Home Asia Myanmar Rejects ICC Jurisdiction In Rohingya Crisis

Myanmar Rejects ICC Jurisdiction In Rohingya Crisis


Myanmar has rejected an interim ruling passed by the International Criminal Court yesterday on the basis that the ICC has no jurisdiction on any domestic issues of the country. The South Asian country has been for the past year, at the centre of international criticism over its human rights record, especially towards minority Rohingya populations.

In a statement put out by Myanmar President’s office, the ruling was considered by the government to be a product of faulty procedure and dubious legal merit. Further, Myanmar has reiterated that ICC ruling aren’t applicable to them and nor is Myanmar or its individuals answerable to ICC as the country is not a party to the Rome Statute.

However, the ICC in its ruling has said otherwise. According to the ICC ruling, since much of the Rohingya population in Myanmar has fled the country to Bangladesh, and since the latter is a party to the Rome Statute, the cross-border nature of the crisis allows the ICC jurisdiction to continue with proceedings against Myanmar.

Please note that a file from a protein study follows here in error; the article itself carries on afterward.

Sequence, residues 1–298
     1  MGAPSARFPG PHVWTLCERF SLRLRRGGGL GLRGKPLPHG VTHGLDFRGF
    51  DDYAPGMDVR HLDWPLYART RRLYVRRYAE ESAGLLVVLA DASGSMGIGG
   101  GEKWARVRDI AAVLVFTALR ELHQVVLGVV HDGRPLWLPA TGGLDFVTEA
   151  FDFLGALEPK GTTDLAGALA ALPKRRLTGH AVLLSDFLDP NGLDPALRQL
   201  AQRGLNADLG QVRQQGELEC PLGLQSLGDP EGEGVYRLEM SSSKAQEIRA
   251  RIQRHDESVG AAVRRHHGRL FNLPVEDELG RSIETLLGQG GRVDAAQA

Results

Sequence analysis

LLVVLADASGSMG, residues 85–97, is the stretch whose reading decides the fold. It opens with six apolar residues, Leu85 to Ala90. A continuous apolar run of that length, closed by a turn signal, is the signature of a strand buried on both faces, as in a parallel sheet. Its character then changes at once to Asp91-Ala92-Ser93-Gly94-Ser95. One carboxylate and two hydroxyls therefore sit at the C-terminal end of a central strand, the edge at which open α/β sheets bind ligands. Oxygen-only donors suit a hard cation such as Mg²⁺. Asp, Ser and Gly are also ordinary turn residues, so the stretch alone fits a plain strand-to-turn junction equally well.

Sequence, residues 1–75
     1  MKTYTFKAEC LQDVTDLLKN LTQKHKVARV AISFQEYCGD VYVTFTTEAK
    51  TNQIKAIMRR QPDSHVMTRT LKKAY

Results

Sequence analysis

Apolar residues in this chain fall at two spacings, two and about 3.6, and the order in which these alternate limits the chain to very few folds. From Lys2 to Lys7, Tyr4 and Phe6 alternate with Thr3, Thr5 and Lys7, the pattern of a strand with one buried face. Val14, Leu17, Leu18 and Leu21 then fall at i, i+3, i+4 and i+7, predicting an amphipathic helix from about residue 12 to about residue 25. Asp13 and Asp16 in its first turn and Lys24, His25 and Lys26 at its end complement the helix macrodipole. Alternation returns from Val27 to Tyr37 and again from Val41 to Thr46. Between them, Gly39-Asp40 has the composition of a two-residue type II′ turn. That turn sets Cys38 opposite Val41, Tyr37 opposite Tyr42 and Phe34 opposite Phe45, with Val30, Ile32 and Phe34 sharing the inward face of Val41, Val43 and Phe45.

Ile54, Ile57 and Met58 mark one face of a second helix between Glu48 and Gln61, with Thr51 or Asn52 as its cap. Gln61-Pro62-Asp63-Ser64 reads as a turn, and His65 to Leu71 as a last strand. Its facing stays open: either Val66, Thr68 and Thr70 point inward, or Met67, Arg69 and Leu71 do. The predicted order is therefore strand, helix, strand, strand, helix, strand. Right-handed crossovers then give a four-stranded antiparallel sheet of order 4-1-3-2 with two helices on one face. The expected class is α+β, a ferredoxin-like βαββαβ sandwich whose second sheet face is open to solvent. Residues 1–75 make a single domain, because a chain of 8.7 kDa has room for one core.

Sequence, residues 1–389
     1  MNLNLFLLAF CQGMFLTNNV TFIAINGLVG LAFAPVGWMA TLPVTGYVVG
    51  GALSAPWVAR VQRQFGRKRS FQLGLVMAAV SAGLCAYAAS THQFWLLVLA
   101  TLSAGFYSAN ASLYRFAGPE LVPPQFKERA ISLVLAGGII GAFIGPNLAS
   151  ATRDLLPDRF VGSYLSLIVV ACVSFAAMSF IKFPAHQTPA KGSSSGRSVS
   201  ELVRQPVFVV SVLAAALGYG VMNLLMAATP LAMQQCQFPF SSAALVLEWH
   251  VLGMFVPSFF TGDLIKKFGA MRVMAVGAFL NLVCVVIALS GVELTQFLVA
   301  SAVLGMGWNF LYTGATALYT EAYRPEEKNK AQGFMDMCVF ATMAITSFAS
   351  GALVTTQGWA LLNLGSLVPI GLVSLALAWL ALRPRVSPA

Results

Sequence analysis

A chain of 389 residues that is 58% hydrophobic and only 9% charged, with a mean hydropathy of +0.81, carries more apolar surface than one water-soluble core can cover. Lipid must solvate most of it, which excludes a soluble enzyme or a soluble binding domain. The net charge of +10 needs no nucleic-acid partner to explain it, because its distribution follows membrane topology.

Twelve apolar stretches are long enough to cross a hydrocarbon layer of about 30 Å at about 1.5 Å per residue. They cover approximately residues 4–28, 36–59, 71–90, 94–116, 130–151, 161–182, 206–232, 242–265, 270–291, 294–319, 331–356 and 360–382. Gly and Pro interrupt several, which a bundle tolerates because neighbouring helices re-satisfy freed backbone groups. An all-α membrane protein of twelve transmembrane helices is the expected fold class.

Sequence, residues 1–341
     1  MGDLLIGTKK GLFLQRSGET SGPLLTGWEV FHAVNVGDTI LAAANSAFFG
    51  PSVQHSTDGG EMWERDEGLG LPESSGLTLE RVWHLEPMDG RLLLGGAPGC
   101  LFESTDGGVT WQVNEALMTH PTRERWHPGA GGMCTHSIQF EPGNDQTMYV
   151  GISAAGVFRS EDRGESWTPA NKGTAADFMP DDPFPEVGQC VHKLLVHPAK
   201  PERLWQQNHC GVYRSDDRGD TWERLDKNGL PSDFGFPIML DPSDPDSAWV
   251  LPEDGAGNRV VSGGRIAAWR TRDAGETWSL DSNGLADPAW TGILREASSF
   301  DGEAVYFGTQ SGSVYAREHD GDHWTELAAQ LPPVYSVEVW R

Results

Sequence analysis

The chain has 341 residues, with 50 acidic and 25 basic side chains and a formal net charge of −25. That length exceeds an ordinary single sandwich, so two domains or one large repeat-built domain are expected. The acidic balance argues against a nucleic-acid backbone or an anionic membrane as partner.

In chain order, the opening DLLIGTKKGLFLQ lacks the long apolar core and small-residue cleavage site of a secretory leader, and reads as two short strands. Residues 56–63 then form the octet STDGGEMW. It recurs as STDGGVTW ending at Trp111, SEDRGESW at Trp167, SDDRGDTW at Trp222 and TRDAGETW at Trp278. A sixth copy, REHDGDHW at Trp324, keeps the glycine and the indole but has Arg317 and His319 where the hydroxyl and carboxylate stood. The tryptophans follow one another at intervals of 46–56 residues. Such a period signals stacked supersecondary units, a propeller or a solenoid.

This ICC ruling comes soon after an independent UN fact-finding mission has in August found that sections of the Myanmar military were directly responsible for the rape and ethnic cleansing of the country’s Rohingyas, carried out with clear genocidal intent. As per the mission, the general of the Myanmar military and five others need to be charged with war crimes.

The systematic killing of significant portions of the Rohingya population, over 7,00,000 of them, has precipitated a refugee crisis with men, women and children flooding into neighboring Bangladesh seeking sanctuary. Myanmar for its part has denied its involvement in any war crimes and instead, insists that the refugee crisis was instead caused by a necessary national security operation against militants. Myanmar has also recently come under a lot of flak for the arrest of two Reuters journalists for allegedly violating the Official Secrets Act of the country.

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